No, this is not a joke in very bad taste, much as I wish it were. In addition to being an absurd American tragedy, the story of Alexandra V. Tobias and her infant son Dylan Lee Edmondson, will doubtless provoke more warnings and laments about social ills "caused" by social media. But as in other cases this blames social media for basic human failings, like being evil.
Tobias has just entered a guilty plea for second-degree murder in the death of her three-month-old son in January. It seems that Tobias, age 22, lost her temper when her child began crying while she was playing FarmVille on Facebook; she shook the baby once, smoked a cigarette to try to calm down, then shook the baby a second time, during which time he may have hit his head, according to her guilty plea.
Obviously this is a terrible story all round, and I can almost hear media columnists all over the Web gearing up to highlight the social media angle. But once again, I feel obliged to take the non-controversial, less interesting, and possibly more depressing stance that social media's role in this tragedy is peripheral and incidental. The real problem is human nature. Get ready for a cavalcade of depressing statistics.
First of all, this particular kind of child abuse is common enough to have a name, Shaken Baby Syndrome, which results in severe head trauma for about 1,300 infants and about 300 infant deaths in the United States each year, according to a study by the University of North Carolina. There is even a non-profit advocacy organization, the National Center on Shaken Baby Syndrome based in Ogden, UT. According to the center's Web site (http://www.dontshake.org/) SBS almost always results from young, inexperienced parents confronting babies who won't stop crying; violent shaking causes the brain to rotate in the skull cavity, resulting in bleeding, tissue damage and sometimes death.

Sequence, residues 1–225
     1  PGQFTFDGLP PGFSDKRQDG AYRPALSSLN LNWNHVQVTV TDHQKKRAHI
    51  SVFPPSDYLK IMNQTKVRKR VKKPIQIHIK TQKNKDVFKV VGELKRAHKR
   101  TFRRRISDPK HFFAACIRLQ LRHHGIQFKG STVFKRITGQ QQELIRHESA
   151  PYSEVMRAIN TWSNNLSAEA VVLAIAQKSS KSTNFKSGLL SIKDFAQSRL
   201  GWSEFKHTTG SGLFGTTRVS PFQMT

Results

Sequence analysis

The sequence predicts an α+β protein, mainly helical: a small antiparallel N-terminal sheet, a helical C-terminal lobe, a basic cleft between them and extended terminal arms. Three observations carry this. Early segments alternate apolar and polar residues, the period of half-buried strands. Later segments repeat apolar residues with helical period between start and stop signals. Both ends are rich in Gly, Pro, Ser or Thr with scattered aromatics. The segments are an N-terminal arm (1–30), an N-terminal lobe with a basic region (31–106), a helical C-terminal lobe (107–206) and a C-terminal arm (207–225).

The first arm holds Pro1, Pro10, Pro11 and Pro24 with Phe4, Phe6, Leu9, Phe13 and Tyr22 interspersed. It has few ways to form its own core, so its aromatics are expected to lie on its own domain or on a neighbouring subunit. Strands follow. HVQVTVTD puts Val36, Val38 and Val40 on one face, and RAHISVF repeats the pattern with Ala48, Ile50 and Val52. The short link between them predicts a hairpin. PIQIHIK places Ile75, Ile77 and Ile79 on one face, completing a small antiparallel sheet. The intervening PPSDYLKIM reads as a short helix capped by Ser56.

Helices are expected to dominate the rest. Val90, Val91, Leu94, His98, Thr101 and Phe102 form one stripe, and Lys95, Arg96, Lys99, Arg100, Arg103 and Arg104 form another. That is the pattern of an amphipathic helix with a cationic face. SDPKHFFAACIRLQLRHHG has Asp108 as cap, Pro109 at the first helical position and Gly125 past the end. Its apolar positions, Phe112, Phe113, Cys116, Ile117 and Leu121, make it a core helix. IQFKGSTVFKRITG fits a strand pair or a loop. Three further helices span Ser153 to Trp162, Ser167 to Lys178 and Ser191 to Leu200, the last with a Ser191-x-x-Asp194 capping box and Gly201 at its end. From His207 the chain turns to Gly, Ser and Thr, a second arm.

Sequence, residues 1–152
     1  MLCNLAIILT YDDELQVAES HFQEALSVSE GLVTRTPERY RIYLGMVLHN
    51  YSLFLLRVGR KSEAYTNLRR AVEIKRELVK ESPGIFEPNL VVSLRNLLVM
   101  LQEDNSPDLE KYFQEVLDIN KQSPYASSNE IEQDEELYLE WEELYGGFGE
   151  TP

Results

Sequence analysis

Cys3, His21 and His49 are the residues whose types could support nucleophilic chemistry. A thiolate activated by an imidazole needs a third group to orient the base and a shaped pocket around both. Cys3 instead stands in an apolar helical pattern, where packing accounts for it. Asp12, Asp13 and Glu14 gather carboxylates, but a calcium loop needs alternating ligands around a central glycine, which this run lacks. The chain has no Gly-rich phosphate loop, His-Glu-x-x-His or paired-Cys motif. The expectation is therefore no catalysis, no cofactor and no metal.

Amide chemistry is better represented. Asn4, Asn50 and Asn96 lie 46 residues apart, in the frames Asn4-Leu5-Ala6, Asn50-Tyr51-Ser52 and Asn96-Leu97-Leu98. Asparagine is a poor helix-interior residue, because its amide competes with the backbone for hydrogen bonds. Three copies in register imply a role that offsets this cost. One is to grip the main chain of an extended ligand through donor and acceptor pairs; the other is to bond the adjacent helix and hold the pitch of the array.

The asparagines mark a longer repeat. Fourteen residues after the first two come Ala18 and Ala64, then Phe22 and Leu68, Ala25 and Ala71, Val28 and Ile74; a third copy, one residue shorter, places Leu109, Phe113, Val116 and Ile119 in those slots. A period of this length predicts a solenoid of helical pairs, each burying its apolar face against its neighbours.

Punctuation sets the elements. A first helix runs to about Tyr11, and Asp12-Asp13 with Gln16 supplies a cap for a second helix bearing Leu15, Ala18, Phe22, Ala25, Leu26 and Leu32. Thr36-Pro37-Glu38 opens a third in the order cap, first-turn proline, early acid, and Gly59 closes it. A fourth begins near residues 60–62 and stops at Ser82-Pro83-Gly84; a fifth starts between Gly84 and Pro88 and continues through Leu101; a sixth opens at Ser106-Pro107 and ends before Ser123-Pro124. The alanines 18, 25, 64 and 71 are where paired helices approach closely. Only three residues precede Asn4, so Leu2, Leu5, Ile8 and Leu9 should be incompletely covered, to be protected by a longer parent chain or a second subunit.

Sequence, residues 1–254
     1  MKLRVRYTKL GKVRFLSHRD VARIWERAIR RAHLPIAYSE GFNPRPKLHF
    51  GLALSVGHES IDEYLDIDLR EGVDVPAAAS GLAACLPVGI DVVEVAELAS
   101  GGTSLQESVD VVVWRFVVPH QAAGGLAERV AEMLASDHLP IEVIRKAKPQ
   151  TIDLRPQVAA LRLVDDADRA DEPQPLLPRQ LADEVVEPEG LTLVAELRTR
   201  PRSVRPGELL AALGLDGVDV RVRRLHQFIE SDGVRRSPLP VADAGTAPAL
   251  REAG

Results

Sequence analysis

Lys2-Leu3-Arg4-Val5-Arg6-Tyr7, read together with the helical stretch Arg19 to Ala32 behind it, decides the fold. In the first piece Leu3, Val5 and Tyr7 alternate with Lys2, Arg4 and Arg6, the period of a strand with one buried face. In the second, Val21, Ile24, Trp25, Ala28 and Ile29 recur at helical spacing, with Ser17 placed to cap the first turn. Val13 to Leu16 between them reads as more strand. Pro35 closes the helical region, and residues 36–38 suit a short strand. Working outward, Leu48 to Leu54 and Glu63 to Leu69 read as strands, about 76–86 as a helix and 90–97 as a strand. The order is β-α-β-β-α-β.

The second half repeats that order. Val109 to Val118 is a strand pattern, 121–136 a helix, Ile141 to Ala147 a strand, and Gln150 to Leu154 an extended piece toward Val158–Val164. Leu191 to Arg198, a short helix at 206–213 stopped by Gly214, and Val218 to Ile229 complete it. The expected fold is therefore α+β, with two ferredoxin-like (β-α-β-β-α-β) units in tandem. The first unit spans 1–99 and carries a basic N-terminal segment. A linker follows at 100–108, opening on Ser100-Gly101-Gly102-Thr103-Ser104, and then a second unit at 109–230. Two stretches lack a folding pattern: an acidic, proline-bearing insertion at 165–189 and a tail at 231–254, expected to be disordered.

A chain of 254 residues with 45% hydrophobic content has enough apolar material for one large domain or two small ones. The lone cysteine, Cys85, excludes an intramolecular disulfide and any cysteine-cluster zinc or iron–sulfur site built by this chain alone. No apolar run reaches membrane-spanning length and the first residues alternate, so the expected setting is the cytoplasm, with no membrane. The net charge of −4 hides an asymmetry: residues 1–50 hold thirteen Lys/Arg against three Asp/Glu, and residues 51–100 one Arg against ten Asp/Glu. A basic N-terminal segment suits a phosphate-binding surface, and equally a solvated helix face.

Needless to say SBS has been around a lot longer than social media, and can occur in all kinds of different scenarios -- but the basic trigger is almost always the same: the baby won't stop crying (pediatricians say parents who fear they might lose control should leave the crying baby in its crib and go somewhere else to cool off; the baby will be okay on its own for a while and it's much safer than the alternative).
The other all-too-human aspect of this story is the addictive behavior displayed by Tobias in playing FarmVille. But while social media addiction in particular may be novel, addictive behavior in general is nothing new. In fact, a number of recent studies have compared social media addiction to chemical dependency, to the point of inducing symptoms of withdrawal when users are deprived of their fix. It's interesting to note that Tobias combined her social media addiction with chemical addiction in the form of tobacco. Of course, almost anything can become the basis of an addiction: addiction has as much to do with how an individual's brain is wired as the qualities of the addictive substance or activity. According to psychologist Stuart Fischoff, "Everyone is a potential addict -- they're just waiting for their drug of choice to come along, whether heroin, running, junk food or social media."